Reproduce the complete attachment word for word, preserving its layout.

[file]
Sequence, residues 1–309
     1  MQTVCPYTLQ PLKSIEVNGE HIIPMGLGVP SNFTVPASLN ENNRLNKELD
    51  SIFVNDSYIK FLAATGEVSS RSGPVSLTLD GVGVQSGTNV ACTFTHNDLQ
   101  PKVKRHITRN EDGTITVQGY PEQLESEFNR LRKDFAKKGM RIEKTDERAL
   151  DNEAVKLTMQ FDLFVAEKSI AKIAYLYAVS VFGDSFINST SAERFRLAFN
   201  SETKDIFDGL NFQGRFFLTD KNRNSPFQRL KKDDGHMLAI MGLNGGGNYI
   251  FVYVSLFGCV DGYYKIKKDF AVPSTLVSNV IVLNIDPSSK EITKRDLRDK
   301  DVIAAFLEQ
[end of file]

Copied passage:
Sequence, residues 1–309
     1  MQTVCPYTLQ PLKSIEVNGE HIIPMGLGVP SNFTVPASLN ENNRLNKELD
    51  SIFVNDSYIK FLAATGEVSS RSGPVSLTLD GVGVQSGTNV ACTFTHNDLQ
   101  PKVKRHITRN EDGTITVQGY PEQLESEFNR LRKDFAKKGM RIEKTDERAL
   151  DNEAVKLTMQ FDLFVAEKSI AKIAYLYAVS VFGDSFINST SAERFRLAFN
   201  SETKDIFDGL NFQGRFFLTD KNRNSPFQRL KKDDGHMLAI MGLNGGGNYI
   251  FVYVSLFGCV DGYYKIKKDF AVPSTLVSNV IVLNIDPSSK EITKRDLRDK
   301  DVIAAFLEQ